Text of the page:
What do opponents say?

Joshua Hinsdale, the director of public relations for Lone Star Tangible Assets, holds a 100 ounce silver bar at the company’s North Austin office on Oct. 15, 2019. Opponents argue the proposed constitutional amendment is unnecessary because precious metals are currently not taxed in the state. Joshua Guenther/Reporting Texas

Opponents argue that because local taxing authorities do not currently impose property taxes or have plans to impose taxes on precious metals, the constitutional amendment is unnecessary. Opponents also argue that tax breaks provided by the amendment could give preferential treatment to precious metals over other investment options and that the amendment would not impact the Texas Bullion Depository’s chances of joining COMEX.

Matt Ferris, chairman of Lone Star Tangible Assets, the private company Texas tapped to operate the depository, says exempting precious metals from taxation would not allow the depository to become a member of COMEX. Ferris has stated that the depository has not become a member of COMEX due to geography. The eight vaults licensed by COMEX are all within 150 miles of New York City, according to the Texas Comptroller’s website. That proximity means exchanges can happen quickly, boosting  liquidity.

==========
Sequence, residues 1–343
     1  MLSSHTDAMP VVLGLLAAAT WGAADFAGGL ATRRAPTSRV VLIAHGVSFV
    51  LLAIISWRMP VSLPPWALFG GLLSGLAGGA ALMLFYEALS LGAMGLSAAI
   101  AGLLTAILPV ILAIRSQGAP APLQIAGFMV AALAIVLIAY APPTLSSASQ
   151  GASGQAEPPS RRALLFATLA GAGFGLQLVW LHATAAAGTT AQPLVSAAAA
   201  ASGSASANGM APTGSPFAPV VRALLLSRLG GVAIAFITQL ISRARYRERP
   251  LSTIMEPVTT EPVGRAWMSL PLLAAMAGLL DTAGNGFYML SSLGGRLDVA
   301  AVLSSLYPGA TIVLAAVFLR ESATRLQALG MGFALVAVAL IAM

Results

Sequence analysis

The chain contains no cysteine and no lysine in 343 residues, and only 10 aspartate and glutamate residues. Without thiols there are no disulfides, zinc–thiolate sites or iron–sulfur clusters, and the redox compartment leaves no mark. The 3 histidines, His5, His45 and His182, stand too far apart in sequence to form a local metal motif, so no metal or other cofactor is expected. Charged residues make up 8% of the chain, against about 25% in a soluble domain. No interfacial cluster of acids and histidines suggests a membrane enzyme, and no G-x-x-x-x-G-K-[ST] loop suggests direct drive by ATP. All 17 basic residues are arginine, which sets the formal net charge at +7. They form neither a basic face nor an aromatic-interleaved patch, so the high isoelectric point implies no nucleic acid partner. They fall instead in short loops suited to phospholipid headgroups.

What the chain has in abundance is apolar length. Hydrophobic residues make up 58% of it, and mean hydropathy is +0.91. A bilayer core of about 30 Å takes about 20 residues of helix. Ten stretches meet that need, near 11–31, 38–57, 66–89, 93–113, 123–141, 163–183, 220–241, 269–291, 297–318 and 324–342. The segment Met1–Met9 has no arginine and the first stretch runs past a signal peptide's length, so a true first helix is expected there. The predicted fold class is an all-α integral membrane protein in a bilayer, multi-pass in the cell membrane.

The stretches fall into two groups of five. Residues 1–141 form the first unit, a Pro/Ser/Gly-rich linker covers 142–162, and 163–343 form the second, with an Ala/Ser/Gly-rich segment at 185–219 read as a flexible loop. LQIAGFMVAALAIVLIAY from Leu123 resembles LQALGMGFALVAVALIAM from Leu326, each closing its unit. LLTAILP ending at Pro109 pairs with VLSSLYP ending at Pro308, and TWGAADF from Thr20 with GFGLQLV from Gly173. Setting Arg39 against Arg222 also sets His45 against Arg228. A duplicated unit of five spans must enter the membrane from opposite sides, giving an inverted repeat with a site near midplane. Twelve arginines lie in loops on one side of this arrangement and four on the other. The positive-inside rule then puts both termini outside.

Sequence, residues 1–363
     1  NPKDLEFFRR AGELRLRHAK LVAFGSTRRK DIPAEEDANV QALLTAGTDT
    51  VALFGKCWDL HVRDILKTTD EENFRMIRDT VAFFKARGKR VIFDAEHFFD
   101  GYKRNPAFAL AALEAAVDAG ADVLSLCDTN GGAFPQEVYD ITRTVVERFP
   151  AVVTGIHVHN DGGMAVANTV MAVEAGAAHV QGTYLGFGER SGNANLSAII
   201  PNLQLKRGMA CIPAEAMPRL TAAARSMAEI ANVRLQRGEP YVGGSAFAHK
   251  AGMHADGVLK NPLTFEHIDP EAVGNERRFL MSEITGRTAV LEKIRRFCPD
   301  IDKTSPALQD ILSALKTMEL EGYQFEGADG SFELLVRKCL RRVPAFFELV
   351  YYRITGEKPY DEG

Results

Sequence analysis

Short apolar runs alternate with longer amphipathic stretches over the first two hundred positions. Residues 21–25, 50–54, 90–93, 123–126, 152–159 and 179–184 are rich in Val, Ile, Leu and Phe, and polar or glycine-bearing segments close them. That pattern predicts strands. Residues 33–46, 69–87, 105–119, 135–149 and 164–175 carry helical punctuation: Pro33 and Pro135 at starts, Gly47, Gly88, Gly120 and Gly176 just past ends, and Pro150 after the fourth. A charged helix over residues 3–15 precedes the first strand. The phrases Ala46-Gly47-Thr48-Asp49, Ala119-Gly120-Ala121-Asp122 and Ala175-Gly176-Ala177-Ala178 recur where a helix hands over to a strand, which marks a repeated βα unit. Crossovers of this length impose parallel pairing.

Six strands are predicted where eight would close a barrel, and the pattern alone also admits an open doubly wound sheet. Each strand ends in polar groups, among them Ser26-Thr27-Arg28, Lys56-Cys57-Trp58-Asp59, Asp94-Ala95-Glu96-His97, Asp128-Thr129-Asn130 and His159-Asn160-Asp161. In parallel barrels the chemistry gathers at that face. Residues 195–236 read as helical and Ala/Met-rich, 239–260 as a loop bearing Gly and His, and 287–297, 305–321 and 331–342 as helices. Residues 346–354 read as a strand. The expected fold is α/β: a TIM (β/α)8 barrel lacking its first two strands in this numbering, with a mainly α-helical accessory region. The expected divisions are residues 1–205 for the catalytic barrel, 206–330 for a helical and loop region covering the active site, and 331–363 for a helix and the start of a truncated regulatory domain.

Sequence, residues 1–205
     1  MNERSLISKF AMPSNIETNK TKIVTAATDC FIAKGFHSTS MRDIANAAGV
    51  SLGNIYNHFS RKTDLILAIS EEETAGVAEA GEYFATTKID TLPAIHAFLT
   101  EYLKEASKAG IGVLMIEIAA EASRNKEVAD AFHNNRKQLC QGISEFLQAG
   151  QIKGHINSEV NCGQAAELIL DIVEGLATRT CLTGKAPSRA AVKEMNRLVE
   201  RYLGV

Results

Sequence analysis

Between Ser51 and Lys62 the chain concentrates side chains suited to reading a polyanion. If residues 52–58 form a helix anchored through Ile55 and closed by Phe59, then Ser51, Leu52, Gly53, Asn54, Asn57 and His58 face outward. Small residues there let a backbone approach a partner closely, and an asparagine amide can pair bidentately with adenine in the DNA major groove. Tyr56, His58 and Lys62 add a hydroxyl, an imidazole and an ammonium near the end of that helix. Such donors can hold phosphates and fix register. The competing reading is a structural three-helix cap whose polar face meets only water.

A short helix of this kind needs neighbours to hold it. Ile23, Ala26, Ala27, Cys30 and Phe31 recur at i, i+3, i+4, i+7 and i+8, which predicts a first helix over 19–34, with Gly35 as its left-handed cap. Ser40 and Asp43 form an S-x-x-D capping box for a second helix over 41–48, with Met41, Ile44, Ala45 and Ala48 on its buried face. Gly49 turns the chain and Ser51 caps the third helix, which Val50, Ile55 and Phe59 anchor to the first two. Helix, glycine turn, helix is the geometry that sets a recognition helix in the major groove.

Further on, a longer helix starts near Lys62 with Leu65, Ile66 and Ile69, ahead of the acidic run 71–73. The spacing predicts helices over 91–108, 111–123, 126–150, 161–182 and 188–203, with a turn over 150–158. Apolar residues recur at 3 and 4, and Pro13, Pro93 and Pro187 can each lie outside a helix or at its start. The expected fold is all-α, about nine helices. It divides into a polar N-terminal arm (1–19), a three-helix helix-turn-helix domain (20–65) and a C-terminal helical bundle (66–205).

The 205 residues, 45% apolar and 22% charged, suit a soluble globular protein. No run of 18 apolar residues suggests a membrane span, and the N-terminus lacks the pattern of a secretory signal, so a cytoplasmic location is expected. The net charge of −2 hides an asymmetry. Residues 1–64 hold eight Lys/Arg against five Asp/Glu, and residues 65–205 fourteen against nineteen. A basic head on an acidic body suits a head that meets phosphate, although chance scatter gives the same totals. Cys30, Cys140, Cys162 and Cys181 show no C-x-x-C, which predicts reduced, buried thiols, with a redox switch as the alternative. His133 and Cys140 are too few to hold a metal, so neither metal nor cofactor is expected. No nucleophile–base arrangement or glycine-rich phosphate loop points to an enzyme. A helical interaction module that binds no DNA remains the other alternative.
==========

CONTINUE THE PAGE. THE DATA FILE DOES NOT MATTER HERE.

How was the Texas Bullion Depository created?

The Texas Legislature voted in 2015 to create a state-administered bullion depository under the purview of the Texas Comptroller’s office. In 2017, The office selected Lonestar Tangible Assets as the private vendor that would operate the facility. The depository opened in North Austin in 2018 and makes money from storage fees on deposits. Any U.S. citizen or resident can open an account at the depository.

Because the facility is part of a state agency, it receives more oversight than a private company, Ferris said. Apart from the Texas depository, the United States Bullion Depository at Fort Knox is the only other government-run bullion depository in the country. A large portion of the nation’s bullions reserves are stored in Fort Knox, but private citizens are unable to use it.